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The information below is based on CMS 1995 and 1997 E/M guidelines for both inpatient and outpatient services during calendar year 2020 and prior.

CMS issued a new set of standards for outpatient and office services in the code range of CPT 99202-99215 on 1/1/2021. Refer to Examination On or After 1/1/2021 for related information.

Examination Prior to 12/31/2020

  1. Please clarify coding for an examination in which an essential element(s) must be omitted due to the patient’s clinical condition. Does the phrase "exam deferred" count toward that element? Example: ED stroke patient, for whom the neurologist cannot assess the patient’s gait and station due to temporary paralysis.

    Answer:
    When a required element(s) of examination cannot be achieved due to the patient’s current clinical condition, this should be documented in the medical record. A comprehensive examination may be performed without this element(s), but this requires careful documentation as to the reason for the absent information. Revised 1/20/2021

  2. During a visit for a chronic condition, a physician performs a history and examination at a higher level that appears to be medically necessary, and this reveals a previously unidentified condition.  Should the newly discovered condition be counted toward the level of  E/M coding for the visit?

    Answer:
    Despite the absence of patient complaint(s), a physician’s clinical observation may support the need for a more extensive examination than supported by the chronic condition. In these circumstances, the medical necessity of the higher level examination must be documented and may be justified. Revised 1/20/2021

  3. May 1995 E/M body areas and organ systems be combined in assessing the level of coding for an examination?

    Answer:
    As per 1995 CMS E/M guidelines, examination of body areas and organ systems can be combined in assessing the level of coding detail.

    As a reminder, 1995 and 1997 guidelines cannot be combined in scoring an individual E/M service. Revised 1/20/2021
     
  4. Does a bilateral examination count as two body areas if the findings on each side are documented?

    Answer:
    One point is allotted per body area or organ system when bilateral examination is performed. Revised 1/20/2021 
     
  5. Would documentation of “vital signs stable” be sufficient for a problem focused exam under 1995 or 1997 guidelines?

    Answer:
    Vital signs is listed as an “organ system” in the CMS 1997 E/M guidelines, and must include documentation of three vital signs. These usually include temperature, height, weight and blood pressure. These values are commonly obtained by clinical office staff, so documentation of these vital signs does not in itself support an examination by the performing/billing provider. The term “vital signs stable” would not support a problem focused exam either, since it is not specific to what the vital sign readings were found to be. Unless the patient’s problem was specifically relevant to one of those vital signs (e.g., hypertension or morbid obesity), the documentation of vital signs alone would not necessarily support the examination as clinically relevant to the presenting complaint. Reviewed 1/20/2021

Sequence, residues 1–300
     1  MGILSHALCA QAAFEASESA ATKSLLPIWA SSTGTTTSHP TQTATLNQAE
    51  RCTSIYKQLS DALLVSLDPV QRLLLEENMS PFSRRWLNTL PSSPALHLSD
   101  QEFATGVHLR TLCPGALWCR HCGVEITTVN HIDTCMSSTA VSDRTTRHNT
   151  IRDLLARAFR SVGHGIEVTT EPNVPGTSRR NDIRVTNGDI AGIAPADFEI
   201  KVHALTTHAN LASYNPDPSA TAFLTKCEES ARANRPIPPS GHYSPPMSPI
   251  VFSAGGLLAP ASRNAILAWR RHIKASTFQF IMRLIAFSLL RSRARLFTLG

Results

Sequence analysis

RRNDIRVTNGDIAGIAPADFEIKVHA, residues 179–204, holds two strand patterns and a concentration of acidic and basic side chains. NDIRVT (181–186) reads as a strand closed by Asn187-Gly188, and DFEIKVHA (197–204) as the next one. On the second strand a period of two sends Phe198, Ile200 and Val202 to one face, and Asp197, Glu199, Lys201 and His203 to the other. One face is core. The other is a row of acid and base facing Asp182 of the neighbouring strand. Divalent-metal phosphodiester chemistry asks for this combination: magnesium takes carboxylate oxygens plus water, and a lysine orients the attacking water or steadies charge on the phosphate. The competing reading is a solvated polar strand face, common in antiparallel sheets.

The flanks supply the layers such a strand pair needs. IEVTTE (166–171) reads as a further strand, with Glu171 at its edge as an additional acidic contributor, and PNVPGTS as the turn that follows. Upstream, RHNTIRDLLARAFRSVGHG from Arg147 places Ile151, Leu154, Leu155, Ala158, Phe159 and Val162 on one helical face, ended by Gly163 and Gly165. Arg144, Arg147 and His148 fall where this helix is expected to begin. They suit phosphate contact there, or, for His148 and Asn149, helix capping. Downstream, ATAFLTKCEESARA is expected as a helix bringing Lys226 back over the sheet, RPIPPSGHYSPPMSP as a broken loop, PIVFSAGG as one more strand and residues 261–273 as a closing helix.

6. Is a physical exam required documentation for billing a discharge E/M service (CPT codes 99238/99239)?

    Answer:
    A physical examination is not a required component of an E/M discharge service (CPTs 99238‒99239), unless indicated by the patient’s clinical status on the date of discharge. The note must reflect a discussion of the hospital stay and plans for post-discharge care, preparation of records and prescriptions and referral forms as necessary. Reviewed 1/20/2021 

  7. When documentation describes an examination of multiple body areas or systems that are unrelated to the presenting problem, does NGS give credit on an audit to the examination of the unrelated systems? Example, if a client presents with an earache and the provider documents an examination of nine or more systems or body areas (e.g., includes abdomen, GU, GI, neuro, psych, back), does NGS give credit for a comprehensive exam?

    Answer:
    Medical necessity is the driving factor for all Medicare services. NGS expects that E/M services are performed to the degree supported by the presenting problem. The need for a comprehensive examination based on a complaint of earache would be highly unusual. In that unusual scenario, the examiner might, through an overall assessment, determine that the patient is unusually pale (perhaps severely anemic), or perhaps notice a highly suspicious lesion on the patient’s neck, while examining the ear. Those observations might warrant a more comprehensive examination, but in the simple scenario of a straightforward earache, the medical necessity of a comprehensive examination would not be supported by the clinical problem. Revised 1/20/2021
     
  8. How is an organ system exam distinguished from a body area exam?

    Answer:
    Body areas are anatomically defined by specific body locations, whereas organ systems may physiologically impact multiple body areas. Reviewed 1/20/2021
     
  9. Can an examination of seven organ systems and/or body areas documented by a checklist count as a detailed exam?

    Answer:
    This may be permissible if the examiner expands upon positive findings with specific facts and observations. Revised 1/20/2021

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Examination Prior to 12/31/2020
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